Locked Out!


It was impossible, yet still it happened. I was locked out, possibly forever. By the end of the day, exhausted and completely demoralized, I was literally begging complete strangers for help. But let’s start at the beginning.

I was locked out and couldn’t get back in. Hours had passed, and I’d already gone through the range of emotions that included getting mad, saying a few bad words and throwing things, but none of that worked.

After trying again and again and still not being able to get in, I was told to wait ten minutes, then twenty, then thirty, and finally an hour before trying again. All hope was quickly fading as my situation went from bad to worse.

Flashing back to the time I was stuck in that drainpipe thirty feet under Flamingo Street unable to move, panic once again filled my entire being, breathing became difficult, and I started to cry.

Ever been locked out of your house or car because you’ve lost your keys? It’s an easy thing to do, especially if you’ve forgotten the whereabouts of the hide-a-way key or didn’t put a key back in its little box. (I’m not gonna admit that I’ve done that once because I’ve done it three times…so far.)

Being locked out of your house is frustrating, but not necessarily an emergency. Trust me, you can always get in. In the past, I’ve been known to force open a door with just a flathead screwdriver or break a window to get access.

I don’t suggest these two options. They will draw the attention of your neighbors and folks walking dogs in front of your house. And trust me, if the police officer who lives in your neighborhood sees you trying to break into the house, he will stop to investigate.

What happened to me last Saturday seemed even worse. And it was the most harrowing four hours Yours Truly here has experienced in years — even more irritating than having to deal with the IRS and government websites.

The incident left me feeling small, insignificant, and as bright as one of those energy efficient five-watt light bulbs — just like that time I received a D- in Ms. Newsome’s 11th-grade English class.

Reaching for the phone, my hands were trembling as I tried to call The Wife for help, but I couldn’t. The situation was quickly becoming an emergency. My phone was locked, and I couldn’t unlock it! This was strange because I had face identification and I hadn’t changed my face so my phone should unlock. Nope.

The phone had done an automatic update so the message it displayed was to enter my six-digit passcode — which I would if I could remember it which I didn’t because I couldn’t. And that’s why I was trying to call The Wife. She never forgets anything. Unfortunately, I couldn’t call because my phone was locked. It was a vicious circle of frustration.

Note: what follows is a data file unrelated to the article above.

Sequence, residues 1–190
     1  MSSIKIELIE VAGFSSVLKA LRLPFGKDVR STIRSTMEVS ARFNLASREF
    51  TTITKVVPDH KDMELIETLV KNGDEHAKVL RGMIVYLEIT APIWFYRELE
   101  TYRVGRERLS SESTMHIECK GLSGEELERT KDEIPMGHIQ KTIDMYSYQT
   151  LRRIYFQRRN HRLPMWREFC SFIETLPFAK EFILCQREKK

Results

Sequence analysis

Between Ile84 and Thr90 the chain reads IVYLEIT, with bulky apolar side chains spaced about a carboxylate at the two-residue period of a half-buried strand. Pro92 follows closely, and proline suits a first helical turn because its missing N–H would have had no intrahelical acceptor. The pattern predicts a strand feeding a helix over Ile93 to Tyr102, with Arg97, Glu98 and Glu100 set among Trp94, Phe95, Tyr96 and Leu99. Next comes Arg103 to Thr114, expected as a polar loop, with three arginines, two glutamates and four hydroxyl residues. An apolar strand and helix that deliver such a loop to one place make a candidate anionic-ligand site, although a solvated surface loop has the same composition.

After searching all the notes on my computer for passcodes, I tried them one by one, but all were rejected. I took a break to cut the grass thinking the passcode would come to me, and it did! The numbers were again rejected. Now the message displayed read that I had to wait an hour before trying again, and there was a timer counting backwards.

Almost in a complete panic, I searched the computer for an answer and finally found one. It wasn’t the one I wanted. Seems you have a limited number of tries to enter a passcode, and I had just two more left. Another wrong entry and the phone would count down for a day then allow me one last try before being disabled.

Still not able to get in touch with The Wife, it was time to admit my defeat and go to the experts. With the timer on the phone displaying twenty minutes before I could try again, I drove to the giant electronics store with the blue roof. The nice Geek folks at the store told me that if I entered the wrong passcode twice more no one would ever be able to get into the phone, not even them.

I thought about the 34,000 pictures, 21,000 videos, and all my passwords locked inside forever! Only because I couldn’t remember six little numbers. The weight of that loss forced me into a nearby chair. With hope all but lost, the timer said I could try again. Not knowing what to do, I just sat there. Then a miracle happened … my locked phone rang!

It was The Wife. She was calling to ask how my day was going. In a trembling voice I told her about the last four hours and how I felt worse than when I received that D– back in Ms. Newsome’s class.

Then she said words lifted all weight from my shoulders: “It’s alright, honey. Everything’s going to be okay. I know your passcode.”

After over four hours of trying, I held my breath and entered the six numbers she had told me. Another miracle happened. The phone unlocked! It was moments later when the nice Geek folks asked me to leave.

I’ve taken away four things from my ordeal. First, write down all passwords and passcodes and hide the paper somewhere safe in the house. Second, make multiple reminders of where you have hidden said paper. Third, when I think all hope is lost, I shouldn’t. The Wife is always there to save me.

And finally, keep my dancing for joy at the house. Seems those good folks at that giant electronics store with the blue roof are not fond of folks shouting, “I got in! I got in!” as they are jumping and dancing for joy all through their store.

[Rick Ryckeley has been writing stories since 2001.]